Fighting the good fight

Fighting the good fight

< Back to Articles | Topics: Cover story | Contributors: Mina Atia, Communications Coordinator | Published: November 12, 2020

Why is it much easier for a Canadian business to trade with an American state than domestically, with a Canadian province?

Small- to medium-sized businesses are trying to find new avenues of growth and development during a pandemic to expand their revenues.

But they can’t easily trade with other provinces – not without jumping through regulatory hoops and increased costs.

Almost seven per cent of internal trade costs are added to the cost of traded goods between provinces.

“Easing trade barriers will be very beneficial for SMEs,” says Bridgitte Anderson, President & CEO of Greater Vancouver Board of Trade. “These businesses typically have fewer resources, which puts them at a disadvantage when it comes to navigating interprovincial trade barriers.”

“By reducing these barriers, we will not only lower the cost of doing business but open up new domestic markets that provide SMEs with opportunities for growth and expansion,” she says.

“It will create untold opportunities for businesses to diversify their customer base,” says Janet M. Riopel, President & CEO of Edmonton Chamber of Commerce. “If a small business only has customers in one province, and the economy is suffering there, they have nowhere to turn.”

“If we can get more businesses trading across provincial and territorial boundaries, businesses will have customers in multiple markets to rely upon, ensuring more consistent revenue and better overall viability in the long run.”

In the Canadian Constitution Act of 1867, trade barriers and tariffs are prohibited. But they do exist today to protect provincial interests.

The province-specific rules and regulations were designed to eliminate domestic competitiveness and promote local industries.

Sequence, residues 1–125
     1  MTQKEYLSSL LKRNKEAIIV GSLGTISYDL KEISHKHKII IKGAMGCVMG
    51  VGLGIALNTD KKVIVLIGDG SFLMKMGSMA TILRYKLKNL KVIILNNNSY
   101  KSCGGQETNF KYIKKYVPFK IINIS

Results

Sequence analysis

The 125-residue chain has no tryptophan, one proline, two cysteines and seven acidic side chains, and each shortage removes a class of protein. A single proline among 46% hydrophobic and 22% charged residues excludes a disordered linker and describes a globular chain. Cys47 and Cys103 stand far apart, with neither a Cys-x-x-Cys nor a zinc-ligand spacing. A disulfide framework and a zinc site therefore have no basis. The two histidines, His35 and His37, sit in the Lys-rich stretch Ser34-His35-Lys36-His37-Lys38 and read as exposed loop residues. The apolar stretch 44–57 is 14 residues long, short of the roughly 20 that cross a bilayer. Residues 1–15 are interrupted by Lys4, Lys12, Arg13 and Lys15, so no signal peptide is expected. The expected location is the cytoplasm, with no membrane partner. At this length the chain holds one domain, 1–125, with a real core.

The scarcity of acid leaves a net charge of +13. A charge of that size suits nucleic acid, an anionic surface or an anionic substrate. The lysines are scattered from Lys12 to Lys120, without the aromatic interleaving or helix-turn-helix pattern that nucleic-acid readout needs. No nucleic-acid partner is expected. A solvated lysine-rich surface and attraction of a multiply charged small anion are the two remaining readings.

These rules and regulations are enforced by the constitutional rights of the provinces (Section 92), which override policies originating from the federal government.

“This has created a situation where it’s often easier for some provinces to trade goods with other countries than it is among themselves,” says Anderson. “I think a lot of it stems from the little decisions governments make over time, without regard for the bigger picture and best practices across our great country.”

This provincial authority is exercised to protect local industry, resulting in trade barriers. But at what cost? Distorting the domestic markets.

“We shouldn’t misinterpret “buy local” to mean protectionism and blocking Canadian businesses from accessing local markets,” says Riopel.

“By entering into a bilateral or multilateral internal trade deal, a province is allowing freer access to their customers, but they’re also getting freer access to another province’s customers,” she says. “It’s a win-win, and only serves to make our nation a stronger competitor in the global marketplace.”


Provinces are protecting the interests of producers in their own region under the umbrella of supporting local, but they’re ignoring consumer and market demand and spurring costs of efficiency, free trade and distribution.

“We had hoped that the creation of the Canadian Free Trade Agreement (CFTA) in 2017 would mean the end of these barriers, but sadly that isn’t the case,” says Riopel.

By relying on consensus between all 14 governments, the CFTA regulatory harmonization process is moving remarkably slowly in removing barriers.

The slow process is leaving the country with a free trade agreement that does not guarantee free interprovincial trade.